Cross Town Streets: Should I Be On the Left or Right?
As a New York City cyclist, bike commuter, and all around “let’s ride everywhere” kind of person, I regularly enjoy, while riding cross town, the mystery of wandering bike lanes that seem to move, without rhyme or reason, from one side of the street to the other, and then back again, as if simply restless and seeking a different view. I think about this conundrum.
I also think about my deeply held goal number one for cycling: Arrive safely at my destination.
The two meet and swirl around my addled brain, seeking some sensible output that will offer me both a greater chance of arriving safely where ever I’m going and provide some rational explanation that explains why the lane jumps from the right to the left side of the street and back again. As I lock my bike, I look back at the lane and start thinking.
When riding the usual single lane city streets, where am I safest?
Being left handed, my natural urge is to holler from the hill tops “Go Left Young Man!”, yet I decide I should think with more than my dominant hand and delve deeper. I start asking myself questions:
When a car is occupied, where are the people inside most likely to be sitting? This may seem like a trick question, and you may say to me, “well in England...”
However we are not in England, so I confine my examination to our more immediate surroundings. Most cars, I realize, have a driver. In these United States, that driver sits in the front left seat. Also, as we know and as has been shown through studious observation, few Americans coordinate their travel; most cars on our roads are occupied by only one person. Yes, that same driver sitting on the left.
Thinking even deeper, I realize that most of the time the driver opens the door at his or her side, rather than crawling across the front of the car to the far door.
If I ride on the left, I am far less likely to be doored by an inattentive driver seeking to leap from his vehicle without taking the second or two to look back and see if I am blithely riding down the road and near his car. The driver in on the other side of the car when leaping out, so I am safest if I RIDE ON THE LEFT.
That seems to be a pretty compelling argument for staying to the left. Let’s look further.
Those other cars, not the parked ones, the ones that now and then move along the roadways when not stopped in lines of traffic, have the driver sitting on...hmmm, looking above, I noted that the driver sits in the driver’s seat in the front left side of the car. Taking that a step further, and assuming that most motorists truly do not seek to run me and my kind down, where would I position myself to best be seen by a driver? How about right next to the driver? Riding on the left, the driver has the best view of me; sees where I am; sees how close he or she is to me, and can most safely maneuver by me while allowing me the usual and customary 3 feet of clearance, unless of course the driver is in an SUV, in which case the driver affords me the SUV usual and customary clearance space of 6 inches or so. RIDE ON THE LEFT.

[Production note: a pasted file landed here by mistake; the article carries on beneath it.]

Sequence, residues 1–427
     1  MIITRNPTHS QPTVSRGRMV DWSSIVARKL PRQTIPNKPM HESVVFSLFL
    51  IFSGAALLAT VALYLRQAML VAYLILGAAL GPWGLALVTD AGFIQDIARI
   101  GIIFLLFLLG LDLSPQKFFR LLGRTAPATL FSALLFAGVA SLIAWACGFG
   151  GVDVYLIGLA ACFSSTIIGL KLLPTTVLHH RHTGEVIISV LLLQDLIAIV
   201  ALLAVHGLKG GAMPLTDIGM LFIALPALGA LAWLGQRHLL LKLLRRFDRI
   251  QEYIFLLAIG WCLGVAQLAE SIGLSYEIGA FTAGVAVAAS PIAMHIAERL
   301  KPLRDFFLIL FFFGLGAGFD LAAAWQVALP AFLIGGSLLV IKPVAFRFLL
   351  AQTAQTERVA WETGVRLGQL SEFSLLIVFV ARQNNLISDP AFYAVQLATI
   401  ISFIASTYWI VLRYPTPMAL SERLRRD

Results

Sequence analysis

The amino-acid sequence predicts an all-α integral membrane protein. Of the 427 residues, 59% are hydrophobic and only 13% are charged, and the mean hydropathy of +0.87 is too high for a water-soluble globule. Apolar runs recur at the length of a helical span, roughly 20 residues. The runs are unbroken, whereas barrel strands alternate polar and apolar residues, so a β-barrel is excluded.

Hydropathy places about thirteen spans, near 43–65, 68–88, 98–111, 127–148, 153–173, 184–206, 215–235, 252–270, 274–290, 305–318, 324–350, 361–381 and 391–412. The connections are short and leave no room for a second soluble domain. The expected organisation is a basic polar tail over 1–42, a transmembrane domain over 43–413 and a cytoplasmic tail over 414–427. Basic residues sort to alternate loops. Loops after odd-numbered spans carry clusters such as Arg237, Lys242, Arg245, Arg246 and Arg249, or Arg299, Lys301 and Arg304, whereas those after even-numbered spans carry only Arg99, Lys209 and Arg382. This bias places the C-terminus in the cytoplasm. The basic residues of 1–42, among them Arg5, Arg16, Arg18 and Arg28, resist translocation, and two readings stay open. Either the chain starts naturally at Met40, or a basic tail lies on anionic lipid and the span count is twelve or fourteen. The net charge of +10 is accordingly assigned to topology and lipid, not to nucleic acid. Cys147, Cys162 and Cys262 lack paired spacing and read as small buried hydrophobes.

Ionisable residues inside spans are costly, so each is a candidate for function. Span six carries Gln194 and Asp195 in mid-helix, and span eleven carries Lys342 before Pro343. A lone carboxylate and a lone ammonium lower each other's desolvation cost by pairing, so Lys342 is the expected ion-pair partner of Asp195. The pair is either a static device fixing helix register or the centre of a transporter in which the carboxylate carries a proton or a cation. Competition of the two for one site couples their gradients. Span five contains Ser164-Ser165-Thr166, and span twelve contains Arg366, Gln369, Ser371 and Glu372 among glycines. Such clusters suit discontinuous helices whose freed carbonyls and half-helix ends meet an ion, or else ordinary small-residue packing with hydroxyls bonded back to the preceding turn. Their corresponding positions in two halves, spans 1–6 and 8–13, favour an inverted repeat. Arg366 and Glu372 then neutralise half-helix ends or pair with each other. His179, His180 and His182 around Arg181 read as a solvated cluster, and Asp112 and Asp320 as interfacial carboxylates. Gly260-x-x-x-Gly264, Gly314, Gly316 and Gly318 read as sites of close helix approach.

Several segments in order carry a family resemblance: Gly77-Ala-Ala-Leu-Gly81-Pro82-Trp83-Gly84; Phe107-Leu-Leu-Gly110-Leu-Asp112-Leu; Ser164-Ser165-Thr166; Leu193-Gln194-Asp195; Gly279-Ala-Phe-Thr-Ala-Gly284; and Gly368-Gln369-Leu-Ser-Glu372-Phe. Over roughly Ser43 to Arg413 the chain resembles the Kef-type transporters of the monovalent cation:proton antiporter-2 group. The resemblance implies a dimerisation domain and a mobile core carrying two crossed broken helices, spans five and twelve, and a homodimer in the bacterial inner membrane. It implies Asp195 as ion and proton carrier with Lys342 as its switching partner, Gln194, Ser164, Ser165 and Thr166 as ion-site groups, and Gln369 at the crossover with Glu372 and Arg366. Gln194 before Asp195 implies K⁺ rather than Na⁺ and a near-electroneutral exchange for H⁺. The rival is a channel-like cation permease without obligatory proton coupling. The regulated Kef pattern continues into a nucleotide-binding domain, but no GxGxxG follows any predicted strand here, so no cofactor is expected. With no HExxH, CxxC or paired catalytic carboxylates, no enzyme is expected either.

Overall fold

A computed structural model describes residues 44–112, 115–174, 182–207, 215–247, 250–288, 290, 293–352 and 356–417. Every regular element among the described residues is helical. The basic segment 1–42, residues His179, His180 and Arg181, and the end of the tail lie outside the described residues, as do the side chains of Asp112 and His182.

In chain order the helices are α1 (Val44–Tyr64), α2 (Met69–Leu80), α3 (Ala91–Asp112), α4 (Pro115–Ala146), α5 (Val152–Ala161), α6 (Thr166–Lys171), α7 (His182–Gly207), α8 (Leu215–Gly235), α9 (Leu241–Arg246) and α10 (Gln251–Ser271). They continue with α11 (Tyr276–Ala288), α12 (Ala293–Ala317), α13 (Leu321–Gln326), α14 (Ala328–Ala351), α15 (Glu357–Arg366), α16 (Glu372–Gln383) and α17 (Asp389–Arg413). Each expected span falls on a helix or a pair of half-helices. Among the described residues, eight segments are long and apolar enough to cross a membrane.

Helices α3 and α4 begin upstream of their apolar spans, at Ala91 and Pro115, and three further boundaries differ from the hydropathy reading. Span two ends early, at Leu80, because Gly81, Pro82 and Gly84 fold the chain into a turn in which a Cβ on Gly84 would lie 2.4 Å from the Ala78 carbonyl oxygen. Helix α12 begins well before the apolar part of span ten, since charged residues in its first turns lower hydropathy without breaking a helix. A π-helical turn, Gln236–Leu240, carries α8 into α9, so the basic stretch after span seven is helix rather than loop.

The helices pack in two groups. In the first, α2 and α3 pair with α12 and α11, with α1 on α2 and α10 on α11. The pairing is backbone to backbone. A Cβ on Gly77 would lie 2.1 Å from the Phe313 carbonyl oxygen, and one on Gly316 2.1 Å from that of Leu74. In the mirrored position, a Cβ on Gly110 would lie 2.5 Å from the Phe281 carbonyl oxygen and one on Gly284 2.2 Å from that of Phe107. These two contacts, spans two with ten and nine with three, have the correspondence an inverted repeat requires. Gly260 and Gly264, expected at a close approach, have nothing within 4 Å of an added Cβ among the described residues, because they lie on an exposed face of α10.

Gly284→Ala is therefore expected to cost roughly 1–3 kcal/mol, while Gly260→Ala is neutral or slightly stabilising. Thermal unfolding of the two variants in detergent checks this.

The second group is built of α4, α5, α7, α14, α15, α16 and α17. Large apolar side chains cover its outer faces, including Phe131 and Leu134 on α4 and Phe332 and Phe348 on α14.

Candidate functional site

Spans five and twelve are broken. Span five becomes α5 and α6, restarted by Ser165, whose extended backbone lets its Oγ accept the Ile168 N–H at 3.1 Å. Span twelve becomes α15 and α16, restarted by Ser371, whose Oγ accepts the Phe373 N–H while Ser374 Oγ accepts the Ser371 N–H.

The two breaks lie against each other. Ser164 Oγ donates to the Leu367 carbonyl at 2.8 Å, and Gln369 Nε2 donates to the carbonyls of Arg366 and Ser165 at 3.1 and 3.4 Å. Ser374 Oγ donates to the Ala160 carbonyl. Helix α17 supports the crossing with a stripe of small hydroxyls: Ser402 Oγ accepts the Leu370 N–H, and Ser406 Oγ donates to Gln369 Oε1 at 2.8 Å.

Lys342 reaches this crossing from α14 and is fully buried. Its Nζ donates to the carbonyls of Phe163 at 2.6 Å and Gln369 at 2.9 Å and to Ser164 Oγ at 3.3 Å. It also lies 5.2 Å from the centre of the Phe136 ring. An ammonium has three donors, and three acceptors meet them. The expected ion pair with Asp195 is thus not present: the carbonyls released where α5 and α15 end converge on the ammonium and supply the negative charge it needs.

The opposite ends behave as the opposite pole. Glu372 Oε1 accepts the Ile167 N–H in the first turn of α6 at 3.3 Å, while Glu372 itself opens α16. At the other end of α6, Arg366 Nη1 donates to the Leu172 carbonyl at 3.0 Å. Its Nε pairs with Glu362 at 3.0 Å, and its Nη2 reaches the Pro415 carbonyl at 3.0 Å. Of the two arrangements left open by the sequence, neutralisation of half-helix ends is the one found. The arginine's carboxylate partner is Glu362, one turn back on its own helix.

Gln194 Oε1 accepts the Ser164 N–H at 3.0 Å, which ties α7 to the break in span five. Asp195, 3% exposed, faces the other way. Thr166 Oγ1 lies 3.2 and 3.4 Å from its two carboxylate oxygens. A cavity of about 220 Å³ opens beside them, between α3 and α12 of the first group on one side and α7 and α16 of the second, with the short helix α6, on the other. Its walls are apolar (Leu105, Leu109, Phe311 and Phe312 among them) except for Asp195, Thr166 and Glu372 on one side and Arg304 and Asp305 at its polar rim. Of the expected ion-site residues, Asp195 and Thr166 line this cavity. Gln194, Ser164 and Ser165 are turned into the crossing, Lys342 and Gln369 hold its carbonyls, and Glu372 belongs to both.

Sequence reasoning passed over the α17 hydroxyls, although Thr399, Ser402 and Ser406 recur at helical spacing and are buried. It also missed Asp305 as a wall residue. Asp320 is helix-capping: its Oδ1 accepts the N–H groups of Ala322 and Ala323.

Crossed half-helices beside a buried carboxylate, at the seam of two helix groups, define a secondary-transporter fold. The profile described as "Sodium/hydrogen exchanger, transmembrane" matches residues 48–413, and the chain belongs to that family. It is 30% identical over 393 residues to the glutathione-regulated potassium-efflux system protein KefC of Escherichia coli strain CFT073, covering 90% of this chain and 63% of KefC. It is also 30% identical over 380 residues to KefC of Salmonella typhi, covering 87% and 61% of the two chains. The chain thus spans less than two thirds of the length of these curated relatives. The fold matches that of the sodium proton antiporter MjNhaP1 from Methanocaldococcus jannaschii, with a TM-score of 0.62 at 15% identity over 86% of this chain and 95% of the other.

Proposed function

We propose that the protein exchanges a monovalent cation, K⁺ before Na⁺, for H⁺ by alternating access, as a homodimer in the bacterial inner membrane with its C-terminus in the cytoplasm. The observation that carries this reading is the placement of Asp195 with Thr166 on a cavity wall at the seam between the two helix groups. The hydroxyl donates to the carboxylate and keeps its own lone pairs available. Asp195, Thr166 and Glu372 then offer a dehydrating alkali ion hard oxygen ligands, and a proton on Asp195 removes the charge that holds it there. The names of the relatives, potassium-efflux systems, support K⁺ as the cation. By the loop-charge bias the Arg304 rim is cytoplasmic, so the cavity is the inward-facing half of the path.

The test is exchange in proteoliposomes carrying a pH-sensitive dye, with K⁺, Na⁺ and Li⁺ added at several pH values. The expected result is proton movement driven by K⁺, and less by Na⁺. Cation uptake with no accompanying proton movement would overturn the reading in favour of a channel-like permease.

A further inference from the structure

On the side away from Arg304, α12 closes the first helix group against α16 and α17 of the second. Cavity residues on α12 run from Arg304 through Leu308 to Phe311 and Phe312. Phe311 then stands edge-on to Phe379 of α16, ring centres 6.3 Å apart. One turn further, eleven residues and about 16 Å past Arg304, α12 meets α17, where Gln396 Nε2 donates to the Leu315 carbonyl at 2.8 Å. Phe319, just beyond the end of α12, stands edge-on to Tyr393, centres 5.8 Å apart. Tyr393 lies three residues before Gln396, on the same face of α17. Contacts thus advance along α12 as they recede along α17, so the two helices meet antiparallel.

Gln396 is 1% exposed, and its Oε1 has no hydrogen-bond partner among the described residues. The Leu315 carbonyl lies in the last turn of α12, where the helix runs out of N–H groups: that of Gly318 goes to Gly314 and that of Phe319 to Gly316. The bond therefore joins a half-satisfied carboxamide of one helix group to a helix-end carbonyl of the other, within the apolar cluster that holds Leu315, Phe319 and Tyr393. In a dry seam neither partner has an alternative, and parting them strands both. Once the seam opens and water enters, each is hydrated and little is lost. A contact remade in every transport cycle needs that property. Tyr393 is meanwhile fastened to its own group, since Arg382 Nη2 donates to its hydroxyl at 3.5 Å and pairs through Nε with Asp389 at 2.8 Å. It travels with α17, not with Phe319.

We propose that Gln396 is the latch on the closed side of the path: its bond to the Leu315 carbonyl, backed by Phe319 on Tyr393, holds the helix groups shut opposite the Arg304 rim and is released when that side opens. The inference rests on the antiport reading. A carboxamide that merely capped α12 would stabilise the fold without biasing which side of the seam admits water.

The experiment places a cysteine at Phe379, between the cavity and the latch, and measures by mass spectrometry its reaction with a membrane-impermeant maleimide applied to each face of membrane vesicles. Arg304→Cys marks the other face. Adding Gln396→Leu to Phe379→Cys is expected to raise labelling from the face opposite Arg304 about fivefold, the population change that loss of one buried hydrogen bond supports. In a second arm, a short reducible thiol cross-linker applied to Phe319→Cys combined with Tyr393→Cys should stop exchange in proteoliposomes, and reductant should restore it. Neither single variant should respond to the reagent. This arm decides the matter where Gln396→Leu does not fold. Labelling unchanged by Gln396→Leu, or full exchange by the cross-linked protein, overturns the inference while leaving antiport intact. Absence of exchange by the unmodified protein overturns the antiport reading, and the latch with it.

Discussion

There must be some reasons against riding on the left. I again start thinking, my brain going into overdrive, smoke billowing out my ears. Safe from the driver’s door, I wonder what could befall me when riding on the left?
Reason number one hit me. Not exactly at the time I was thinking about my answer, but on three different occasions in our fair city. Passengers, delighted to having avoided the various tolls and parking fees the driver has just spent a small fortune paying, joyfully throw their door open, smashing into my (fill in appropriately) arm/hand/knee or simply right in front of me so I can enjoy the experience of quickly dismounting my bicycle and flying through the air, at least for the second or so that precedes what is most often a rather inelegant landing.
Do I ride on the right to avoid those passenger doors? Again, I return to the statistics. There are more drivers than passengers. STAY TO THE LEFT.
There must be other reasons!
I know, the right hook! When you ride on the right, and you are close to the vehicle, you are often in the driver’s blind spot, making you susceptible to the dreaded right hook, where the driver turns into you. This can have dire results for the cyclist. STAY ON THE LEFT.
What about the dreaded left hook? Does that occur while riding on the left? Yes, it can happen. However you are next to the driver and better able, if you are aware and attentive, to see what the driver is doing. And there is a chance the driver will see you since you are often within 36 inches of the driver. This gives you added chances to avoid a collision. STAY ON THE LEFT.
I look above at the various conclusions; and they all point the same way....ride on the left! It is the safest way to ride!!!!